Six questions for reflection

As we emerge from COVID, you can be sure of this: the corporate marketing machine, with all its skill, money and guile, will be urging us to go back to ‘normal’ life – shopping, travelling and cramming in as many activities as possible, telling us all the while that those things will make us happy. Our only weapon against this marketing might is a deep and deliberate reflection on the type of life we really want. Here are six questions which may help.

When COVID is over, and restrictions are lifted, will I ….

  1. Continue to appreciate real nature, or go back to watching the world on a screen?
  2. Continue to work and enjoy recreation and holidays closer to home, or go back to all-too-readily jumping in the car or on the plane?
  3. Continue to live life at a calmer pace, in which there’s time for nature, music, family and friends, or go back to squeezing in as many activities as possible?
  4. Continue to volunteer and look out for those people who are struggling, or go back to my old priorities?
  5. Continue to seek out and value what scientists advise, or go back to listening to anyone regardless of their credentials?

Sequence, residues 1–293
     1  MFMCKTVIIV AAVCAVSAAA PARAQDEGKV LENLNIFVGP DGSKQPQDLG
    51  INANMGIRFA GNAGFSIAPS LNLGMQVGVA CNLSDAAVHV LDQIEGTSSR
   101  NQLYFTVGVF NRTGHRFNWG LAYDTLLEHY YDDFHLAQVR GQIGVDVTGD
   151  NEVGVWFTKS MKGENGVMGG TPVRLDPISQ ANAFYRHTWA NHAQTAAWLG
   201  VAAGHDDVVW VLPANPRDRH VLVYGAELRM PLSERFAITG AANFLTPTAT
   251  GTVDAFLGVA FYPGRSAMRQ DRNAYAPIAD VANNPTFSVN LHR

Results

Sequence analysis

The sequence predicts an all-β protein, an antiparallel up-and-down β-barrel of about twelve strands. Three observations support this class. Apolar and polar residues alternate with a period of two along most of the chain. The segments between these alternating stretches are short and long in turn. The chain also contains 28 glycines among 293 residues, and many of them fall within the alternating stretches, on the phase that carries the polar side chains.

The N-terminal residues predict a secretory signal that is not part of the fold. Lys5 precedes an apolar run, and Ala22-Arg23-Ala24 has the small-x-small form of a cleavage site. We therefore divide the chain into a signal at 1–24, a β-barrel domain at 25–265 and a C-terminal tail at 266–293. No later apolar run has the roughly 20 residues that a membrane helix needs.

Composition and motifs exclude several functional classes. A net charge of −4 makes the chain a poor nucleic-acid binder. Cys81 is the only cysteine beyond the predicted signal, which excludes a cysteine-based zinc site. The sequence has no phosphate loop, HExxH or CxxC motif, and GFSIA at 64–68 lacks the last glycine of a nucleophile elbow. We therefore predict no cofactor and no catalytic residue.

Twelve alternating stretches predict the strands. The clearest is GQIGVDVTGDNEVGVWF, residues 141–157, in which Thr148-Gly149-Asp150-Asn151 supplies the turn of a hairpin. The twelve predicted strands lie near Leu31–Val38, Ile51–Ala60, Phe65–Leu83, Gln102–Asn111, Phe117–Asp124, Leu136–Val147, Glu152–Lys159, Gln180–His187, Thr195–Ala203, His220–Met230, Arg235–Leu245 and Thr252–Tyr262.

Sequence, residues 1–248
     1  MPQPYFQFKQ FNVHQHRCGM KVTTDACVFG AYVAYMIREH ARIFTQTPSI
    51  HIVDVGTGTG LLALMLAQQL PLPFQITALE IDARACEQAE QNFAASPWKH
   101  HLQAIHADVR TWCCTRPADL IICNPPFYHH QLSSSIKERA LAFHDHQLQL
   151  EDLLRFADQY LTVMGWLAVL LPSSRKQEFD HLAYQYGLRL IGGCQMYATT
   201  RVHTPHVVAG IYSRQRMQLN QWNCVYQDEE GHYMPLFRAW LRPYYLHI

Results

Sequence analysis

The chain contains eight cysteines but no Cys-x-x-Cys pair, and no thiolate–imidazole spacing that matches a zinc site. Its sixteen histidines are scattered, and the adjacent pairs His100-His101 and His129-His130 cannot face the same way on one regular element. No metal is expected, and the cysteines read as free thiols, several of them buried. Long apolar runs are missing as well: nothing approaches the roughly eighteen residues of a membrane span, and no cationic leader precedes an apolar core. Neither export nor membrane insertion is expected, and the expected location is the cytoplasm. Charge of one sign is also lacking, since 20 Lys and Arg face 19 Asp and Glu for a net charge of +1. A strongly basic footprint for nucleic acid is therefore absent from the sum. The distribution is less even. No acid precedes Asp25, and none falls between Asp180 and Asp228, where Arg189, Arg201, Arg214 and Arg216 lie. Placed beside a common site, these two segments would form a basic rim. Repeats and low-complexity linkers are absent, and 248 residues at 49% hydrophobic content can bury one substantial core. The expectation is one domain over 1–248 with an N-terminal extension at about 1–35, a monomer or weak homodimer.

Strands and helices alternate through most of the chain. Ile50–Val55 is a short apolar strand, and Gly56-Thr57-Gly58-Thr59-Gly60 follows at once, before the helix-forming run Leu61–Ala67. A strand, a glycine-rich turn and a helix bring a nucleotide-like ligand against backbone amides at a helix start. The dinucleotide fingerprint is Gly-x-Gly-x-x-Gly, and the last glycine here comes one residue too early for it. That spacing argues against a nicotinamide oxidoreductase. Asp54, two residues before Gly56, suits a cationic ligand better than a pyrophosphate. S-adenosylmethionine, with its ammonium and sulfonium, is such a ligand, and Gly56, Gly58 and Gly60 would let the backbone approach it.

6. Deliberately inform myself on the situation in the majority world, or just be content that in Australia we are through the worst of COVID?

I’d urge us to reflect on these and similar questions now, before all the restrictions lift and the marketing voices intensify. Our collective answers may determine whether we can help make the world a better place for ourselves, our neighbours and for God’s magnificent creation.


[i]      CO2e Carbon dioxide equivalent.  A single measure to include greenhouse gases other that carbon dioxide.

[ii]    Simply dividing Australia’s annual emission as found here by our population. https://www.smh.com.au/environment/climate-change/australia-s-greenhouse-emissions-set-new-seven-year-highs-on-gas-boom-20190830-p52mbe.html

[iii]   See John 15:13

[iv]    See also https://theconversation.com/australia-listened-to-the-science-on-coronavirus-imagine-if-we-did-the-same-for-coal-mining-138212

[v]     See Matthew 25:31-40